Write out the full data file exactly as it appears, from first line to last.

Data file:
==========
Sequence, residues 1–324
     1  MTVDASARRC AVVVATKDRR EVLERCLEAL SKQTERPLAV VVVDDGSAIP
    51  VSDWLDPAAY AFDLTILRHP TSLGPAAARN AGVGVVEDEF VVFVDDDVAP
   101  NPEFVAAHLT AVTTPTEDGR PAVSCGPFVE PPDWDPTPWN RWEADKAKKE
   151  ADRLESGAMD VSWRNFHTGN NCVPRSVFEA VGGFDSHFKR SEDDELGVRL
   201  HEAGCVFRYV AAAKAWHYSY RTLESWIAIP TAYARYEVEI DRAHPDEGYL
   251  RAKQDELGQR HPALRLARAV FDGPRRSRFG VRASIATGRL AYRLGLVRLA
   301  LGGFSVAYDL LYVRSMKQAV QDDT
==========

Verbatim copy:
Sequence, residues 1–324
     1  MTVDASARRC AVVVATKDRR EVLERCLEAL SKQTERPLAV VVVDDGSAIP
    51  VSDWLDPAAY AFDLTILRHP TSLGPAAARN AGVGVVEDEF VVFVDDDVAP
   101  NPEFVAAHLT AVTTPTEDGR PAVSCGPFVE PPDWDPTPWN RWEADKAKKE
   151  ADRLESGAMD VSWRNFHTGN NCVPRSVFEA VGGFDSHFKR SEDDELGVRL
   201  HEAGCVFRYV AAAKAWHYSY RTLESWIAIP TAYARYEVEI DRAHPDEGYL
   251  RAKQDELGQR HPALRLARAV FDGPRRSRFG VRASIATGRL AYRLGLVRLA
   301  LGGFSVAYDL LYVRSMKQAV QDDT